You will then be asked in which of the available columns you want to check for duplicates. Unless you know you have a specific problem with one field of data, it’s normally advisable to leave all fields ticked so the deduplication tool can check the entire dataset.

Be aware that if you use this data, remove duplicates feature, once you click “ok” this will automatically remove the duplicate lines and a message will be displayed stating how many duplicate items were found.

If across all of the columns selected, none contain exactly the same data a message stating no duplicate values found will be displayed.

Conditional formatting

Another method of finding duplicate values is to use Conditional Formatting from the Styles area in the Home tab.

To use this feature, select a single column from your dataset, then go to Conditional Formatting, select Highlight Cell Rules, then Duplicate Values.

The difference with this approach is that it will not delete duplicate values. Instead, it will highlight items that are duplicate values.

Using conditional formatting for highlighting typing or posting errors that need to be corrected as opposed to being removed from the data can be useful as you get to review each item and have a chance to correct it. Once the error is corrected, the items will no longer be highlighted as duplicated.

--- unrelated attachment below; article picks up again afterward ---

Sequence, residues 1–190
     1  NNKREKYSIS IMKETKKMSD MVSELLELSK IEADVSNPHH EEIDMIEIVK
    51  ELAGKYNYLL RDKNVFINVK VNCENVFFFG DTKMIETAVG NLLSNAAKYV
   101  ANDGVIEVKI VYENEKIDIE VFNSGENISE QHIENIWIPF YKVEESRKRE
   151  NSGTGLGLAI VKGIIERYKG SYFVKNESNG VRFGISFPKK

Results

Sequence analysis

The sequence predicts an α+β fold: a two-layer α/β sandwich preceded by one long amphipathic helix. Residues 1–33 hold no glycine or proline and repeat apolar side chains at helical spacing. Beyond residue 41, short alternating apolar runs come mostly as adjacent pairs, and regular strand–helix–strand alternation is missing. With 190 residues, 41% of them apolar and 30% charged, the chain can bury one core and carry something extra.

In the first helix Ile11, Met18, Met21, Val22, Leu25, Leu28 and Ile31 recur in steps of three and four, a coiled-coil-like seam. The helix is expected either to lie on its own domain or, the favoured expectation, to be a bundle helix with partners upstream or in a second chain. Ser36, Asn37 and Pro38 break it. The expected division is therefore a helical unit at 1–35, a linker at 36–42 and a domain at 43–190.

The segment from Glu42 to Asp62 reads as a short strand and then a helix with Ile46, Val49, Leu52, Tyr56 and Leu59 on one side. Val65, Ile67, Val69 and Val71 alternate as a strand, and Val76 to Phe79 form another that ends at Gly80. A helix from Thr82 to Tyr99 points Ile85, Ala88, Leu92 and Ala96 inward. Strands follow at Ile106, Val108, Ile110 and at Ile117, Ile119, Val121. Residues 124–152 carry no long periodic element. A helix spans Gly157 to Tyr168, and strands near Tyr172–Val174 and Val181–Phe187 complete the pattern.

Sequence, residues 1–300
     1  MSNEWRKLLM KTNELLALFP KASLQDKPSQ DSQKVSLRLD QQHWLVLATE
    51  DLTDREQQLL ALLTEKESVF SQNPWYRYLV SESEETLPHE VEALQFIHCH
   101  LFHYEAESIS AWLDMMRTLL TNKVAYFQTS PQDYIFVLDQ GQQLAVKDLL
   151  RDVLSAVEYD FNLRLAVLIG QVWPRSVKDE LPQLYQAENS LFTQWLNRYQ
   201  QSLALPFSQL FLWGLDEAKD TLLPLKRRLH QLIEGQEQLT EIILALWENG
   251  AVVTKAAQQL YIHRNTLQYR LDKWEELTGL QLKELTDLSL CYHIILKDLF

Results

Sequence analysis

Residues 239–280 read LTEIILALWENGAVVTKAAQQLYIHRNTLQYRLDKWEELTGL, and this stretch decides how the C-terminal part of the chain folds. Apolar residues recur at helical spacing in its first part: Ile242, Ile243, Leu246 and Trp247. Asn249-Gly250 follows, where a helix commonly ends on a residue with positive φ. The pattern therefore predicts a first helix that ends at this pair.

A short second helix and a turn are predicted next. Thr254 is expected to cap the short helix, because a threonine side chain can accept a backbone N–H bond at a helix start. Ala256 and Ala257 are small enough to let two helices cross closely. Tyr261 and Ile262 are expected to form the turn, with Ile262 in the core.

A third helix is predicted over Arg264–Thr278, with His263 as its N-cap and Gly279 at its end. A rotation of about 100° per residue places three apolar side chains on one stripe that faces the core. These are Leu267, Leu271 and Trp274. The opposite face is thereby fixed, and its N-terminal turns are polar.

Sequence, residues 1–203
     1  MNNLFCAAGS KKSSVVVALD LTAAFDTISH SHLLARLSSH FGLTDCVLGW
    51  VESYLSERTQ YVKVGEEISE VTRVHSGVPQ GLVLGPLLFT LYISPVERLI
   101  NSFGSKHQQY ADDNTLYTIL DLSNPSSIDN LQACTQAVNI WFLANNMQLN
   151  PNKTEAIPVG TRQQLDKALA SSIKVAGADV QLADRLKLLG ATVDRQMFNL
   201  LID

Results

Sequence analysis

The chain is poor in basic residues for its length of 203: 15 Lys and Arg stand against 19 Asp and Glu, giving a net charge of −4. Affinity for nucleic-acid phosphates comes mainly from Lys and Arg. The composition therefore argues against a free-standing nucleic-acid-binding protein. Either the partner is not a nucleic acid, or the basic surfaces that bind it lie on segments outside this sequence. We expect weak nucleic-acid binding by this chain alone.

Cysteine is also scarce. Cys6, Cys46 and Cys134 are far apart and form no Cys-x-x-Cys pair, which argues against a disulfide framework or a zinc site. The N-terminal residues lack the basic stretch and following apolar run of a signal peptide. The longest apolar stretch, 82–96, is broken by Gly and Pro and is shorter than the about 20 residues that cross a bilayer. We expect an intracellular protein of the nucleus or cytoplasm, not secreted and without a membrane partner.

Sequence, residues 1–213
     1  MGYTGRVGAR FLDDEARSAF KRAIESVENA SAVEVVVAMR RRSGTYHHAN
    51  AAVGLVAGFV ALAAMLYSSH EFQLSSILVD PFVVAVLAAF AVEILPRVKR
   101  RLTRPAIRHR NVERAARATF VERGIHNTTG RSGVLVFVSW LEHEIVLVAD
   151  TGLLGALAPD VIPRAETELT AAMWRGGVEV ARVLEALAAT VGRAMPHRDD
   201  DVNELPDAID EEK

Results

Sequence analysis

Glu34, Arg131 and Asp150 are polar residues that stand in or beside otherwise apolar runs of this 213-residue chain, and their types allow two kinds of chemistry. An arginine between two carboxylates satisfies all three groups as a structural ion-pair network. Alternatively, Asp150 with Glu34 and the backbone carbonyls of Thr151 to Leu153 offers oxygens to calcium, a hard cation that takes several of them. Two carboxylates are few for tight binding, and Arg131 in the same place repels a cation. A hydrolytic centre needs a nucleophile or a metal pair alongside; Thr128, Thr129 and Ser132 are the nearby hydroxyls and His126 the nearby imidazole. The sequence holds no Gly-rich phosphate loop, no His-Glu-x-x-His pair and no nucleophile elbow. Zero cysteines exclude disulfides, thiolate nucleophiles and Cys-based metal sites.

Find and replace

After any obvious spelling mistakes and duplicated data items have been removed or corrected, you then need to begin to look for less noticeable errors and inconsistencies.

For example, the spell check will not highlight the inconsistent use of properly spelt words. Your data may contain “sell/sold/sales” for example, all of which may be correct, but you may want to use a consistent description in the data set to provide a more consistent analysis down the line.

A really useful way of finding inconsistencies is to apply Filters to the entire data set. The filter option is found in the “Editing” section in the “Home” tab.

Once a filter is used for the entire data set, you can click on the down arrow for each data field to review the entries that are used within that field and you can quickly see if there’s anything that looks out of the norm.

In the example below, you can see that some purchase orders have been entered using the initials “PO” followed by the number, others have used the full spelling of “Purchase Order”, so there are inconsistencies in that field.

You can also very easily see if some records have been left blank. If every record should have a Purchase Order number assigned to it, you will now know there’s a problem in this column.

There are two ways of finding and replacing incorrect values, using shortcut keys or from the ribbon menu options.

Using Shortcuts

Firstly copy the value you want to replace using Control C, then use Control F to open the Find and Replace window and use Control V to paste it into the “Find What” box.

Go to the “Replace” tab and enter the correct value you would rather use.

Selecting “Replace” will replace every instance of the incorrect spelling one at a time. Using “Replace All” will correct all of them in one go, and a window will open to tell you how many replacements have been made.

Using control, find and replace is quite an ideal feature when we want to replace data in our data set to ensure you have consistency.

From the Ribbon Menu

If you don’t like using the shortcut keys, you can also access the same feature from the Editing section in the Home tab in the ribbon. The Find and Select menu opens up the same Find and Replace window accessed with the shortcut keys.

Find and replace blank cells